It has been disturbingly normalized and even celebrated that exhaustion is a sign of strength. Among a global sleep-loss pandemic, events like hackathons which push for attendees to stay up for lengths of 24 to 36 hours are particularly worrisome.
I am viscerally reminded of sharing a hard gym floor with dozens of other sleep-deprived hackers, taking shifts to sleep so some people can stay up to work on the hack. Despite the timeboxed nature of hackathons, there is no reason purposefully staying up all night should be quintessential to the hackathon experience.
Physical and mental health should not be “instrumentalized in service of being useful to a startup mission, or even a life philosophy."4 These events set the precedence of what the next generation of engineers, builders, and designers consider as ‘normal’ for the industry. Why are we saying that it’s okay to prioritize ‘success’ above personal wellbeing?
Precarity is Opportunity
The startup and hustle culture heavily idolizes those who live precarious lifestyles. High risk, high reward. The industry has normalized high turnover rates and job-hopping, with companies like Google and Amazon reporting median tenures of around a year, compared to the national average of 4.1 years.6
Today, the majority of tech employment consists of internships, contract work, short tenures at medium to large companies, and precarious work at startups. Because of the incredulous demand for tech jobs, candidates have considerably more leverage than employers do in offer negotiations, with individuals often using competing offers between companies to renege better signing bonuses and compensation.
While not precarious in the traditional labour sense, the employment itself is unstable and temporary. The concept of a ‘life-long job’ just doesn’t exist in this industry. As a result, individuals are constantly asked to market themselves for continually shifting jobs.
Similarly, these coopted design spaces reshape precarious and unpaid work from exploitative to opportunity. Writing code and building apps for free becomes something to be clamoured and competed over. In other words, “institutions use the allure of hackathons, with sponsors, prizes, snacks, and potential for career advancement, to get people to work for free."7
Reclaiming Design Spaces
Liminal spaces: The morning after nwHacks 2020
Maybe this is the death of the hackathon as we know it, and that might not necessarily be a bad thing. Maybe we can throw away the focus on prizes, winning, and short-term projects and replace it with something better.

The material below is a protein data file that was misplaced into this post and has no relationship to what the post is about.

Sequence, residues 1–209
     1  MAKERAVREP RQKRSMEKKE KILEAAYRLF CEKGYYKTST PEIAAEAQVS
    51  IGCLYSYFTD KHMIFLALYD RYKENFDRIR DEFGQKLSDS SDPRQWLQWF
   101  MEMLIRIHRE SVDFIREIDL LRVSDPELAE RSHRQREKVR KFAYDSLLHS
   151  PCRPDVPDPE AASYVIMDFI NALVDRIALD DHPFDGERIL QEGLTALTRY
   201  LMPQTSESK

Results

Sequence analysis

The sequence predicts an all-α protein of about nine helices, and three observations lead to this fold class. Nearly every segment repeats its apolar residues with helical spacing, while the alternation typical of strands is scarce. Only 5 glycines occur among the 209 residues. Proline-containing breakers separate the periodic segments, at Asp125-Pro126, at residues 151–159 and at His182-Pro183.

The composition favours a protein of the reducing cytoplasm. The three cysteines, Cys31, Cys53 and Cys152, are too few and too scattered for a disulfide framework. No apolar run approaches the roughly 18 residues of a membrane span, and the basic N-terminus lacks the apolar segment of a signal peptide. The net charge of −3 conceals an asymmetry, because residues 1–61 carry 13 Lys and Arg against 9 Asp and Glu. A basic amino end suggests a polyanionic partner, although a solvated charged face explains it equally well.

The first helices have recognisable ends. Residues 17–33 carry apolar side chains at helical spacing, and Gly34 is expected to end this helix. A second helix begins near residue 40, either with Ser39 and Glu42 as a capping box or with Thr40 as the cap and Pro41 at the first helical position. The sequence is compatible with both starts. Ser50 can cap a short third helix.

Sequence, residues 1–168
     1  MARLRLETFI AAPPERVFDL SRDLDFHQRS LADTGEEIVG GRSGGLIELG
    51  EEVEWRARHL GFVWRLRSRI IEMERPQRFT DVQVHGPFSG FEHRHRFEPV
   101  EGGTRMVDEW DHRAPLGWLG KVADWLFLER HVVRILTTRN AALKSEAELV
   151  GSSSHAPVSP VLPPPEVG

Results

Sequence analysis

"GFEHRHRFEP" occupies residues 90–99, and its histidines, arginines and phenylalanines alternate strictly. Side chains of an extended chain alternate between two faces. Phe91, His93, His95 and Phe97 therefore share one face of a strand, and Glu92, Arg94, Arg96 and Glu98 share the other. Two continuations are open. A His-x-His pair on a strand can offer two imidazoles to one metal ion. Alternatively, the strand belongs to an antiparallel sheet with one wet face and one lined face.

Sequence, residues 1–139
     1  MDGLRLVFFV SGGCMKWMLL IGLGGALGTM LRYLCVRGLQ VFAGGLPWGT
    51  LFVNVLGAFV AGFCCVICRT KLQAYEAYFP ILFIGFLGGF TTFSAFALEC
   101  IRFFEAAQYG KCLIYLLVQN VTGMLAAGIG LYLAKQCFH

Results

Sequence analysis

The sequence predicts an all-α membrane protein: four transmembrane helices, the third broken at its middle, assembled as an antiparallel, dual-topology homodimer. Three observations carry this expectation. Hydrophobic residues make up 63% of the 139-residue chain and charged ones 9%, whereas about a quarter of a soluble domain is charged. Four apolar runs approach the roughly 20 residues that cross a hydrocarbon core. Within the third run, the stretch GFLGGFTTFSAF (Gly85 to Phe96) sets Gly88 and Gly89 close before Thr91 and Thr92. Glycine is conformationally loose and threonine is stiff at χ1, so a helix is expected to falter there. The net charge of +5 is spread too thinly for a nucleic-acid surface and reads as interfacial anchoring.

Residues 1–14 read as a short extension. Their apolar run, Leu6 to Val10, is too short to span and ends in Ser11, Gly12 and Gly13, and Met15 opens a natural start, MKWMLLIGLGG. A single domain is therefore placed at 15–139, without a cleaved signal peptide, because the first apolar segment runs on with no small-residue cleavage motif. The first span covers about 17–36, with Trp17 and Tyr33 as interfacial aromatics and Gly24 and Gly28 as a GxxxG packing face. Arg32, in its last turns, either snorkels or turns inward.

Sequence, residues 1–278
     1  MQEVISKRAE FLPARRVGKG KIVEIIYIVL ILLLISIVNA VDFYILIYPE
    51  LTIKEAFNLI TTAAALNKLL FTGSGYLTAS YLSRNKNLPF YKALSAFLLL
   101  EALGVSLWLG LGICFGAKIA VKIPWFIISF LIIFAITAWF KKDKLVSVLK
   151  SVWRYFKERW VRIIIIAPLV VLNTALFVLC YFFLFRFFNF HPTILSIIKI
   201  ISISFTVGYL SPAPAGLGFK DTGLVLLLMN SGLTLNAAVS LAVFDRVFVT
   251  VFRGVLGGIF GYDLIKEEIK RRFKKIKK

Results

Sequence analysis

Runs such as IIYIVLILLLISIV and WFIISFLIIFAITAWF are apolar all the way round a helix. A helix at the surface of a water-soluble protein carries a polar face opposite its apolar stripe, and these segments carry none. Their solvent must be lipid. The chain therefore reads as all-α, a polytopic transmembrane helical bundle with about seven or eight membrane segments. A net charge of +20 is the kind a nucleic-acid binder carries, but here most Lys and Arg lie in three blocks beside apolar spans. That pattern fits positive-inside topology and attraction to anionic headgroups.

The word hackathon is the portmanteau of hacking marathon. Why then, do we treat it like a sprint?
The ‘finish a complete project in two days’ mindset of hackathons rarely transfers well into the real world. Realistically, most projects are complex in scope and attempting to reduce complex problems down to a one-weekend hack omits a lot of context and nuance that is often important.
Work done at hackathons should be toward long-term sustainable processes instead of short term precarious work. During the past year, there has been a noticeable uptick in design spaces intended to facilitate longer term work like coliving houses, incubators, and fellowships. Hacker houses like Edyfi and School 2.0 give individuals the option to work on existing projects or scale new ones in a supportive community. A few organizations like the Cal Hacks Foundation are pioneering initiatives in this space with programs like the Cal Hacks Fellowship (a semester-long idea accelerator that invites teams to build beyond their side-projects) and Hack Month (which is a month-long build-a-thon focused on recentering the fun of building). MLH is also working on non-hackathon initiatives like the MLH Fellowship and the Local Hack Day workshops that refocus learning and maintenance rather than just blind creation. I’ve even noticed more individuals starting larger-scale personal projects that happen on the order of weeks to months rather than single days.
Encouraging the growth of more sustainable skill building enables individuals to take into account a more holistic view of problems. Hopefully, this leads to building longer term, larger scope, and bigger impact projects and skills.
Places of play
Do we so necessarily need to tie rituals of play in building and tinkering to the recruiting and product testing pipeline for large corporations? Hopefully the answer to that question is no.
Yet even today, a majority of communities focused around building like YCombinator or OnDeck are ultimately not places of play – they have external outcomes they’d like to achieve. We should create dedicated spaces for exploration and learning without needing to justify it via some specific outcome. This is not to say that spaces with those goals in mind are bad, but giving individuals the option to have a space for unfettered exploration can give them the freedom to explore ideas that may not have clear monetary value in the short term. Communities like Hack Club and Reboot do this particularly well. There is no central ‘goal’ of trying to launch a product or anything, but rather it’s a group of individuals that are intellectually curious and want to learn and build cool things.
The goal is to provide the infrastructure so that everyone can play, not just those privileged enough to throw spare income and time at it. Hackathon organizers shouldn’t assume that everyone is able and willing to stay up the entire event and barely set aside enough time for meals. It is important to consider food, bio breaks, accessible bathrooms that are friendly to all body types and genders, comfortable spaces to nap or relax, and decent lighting, etc.3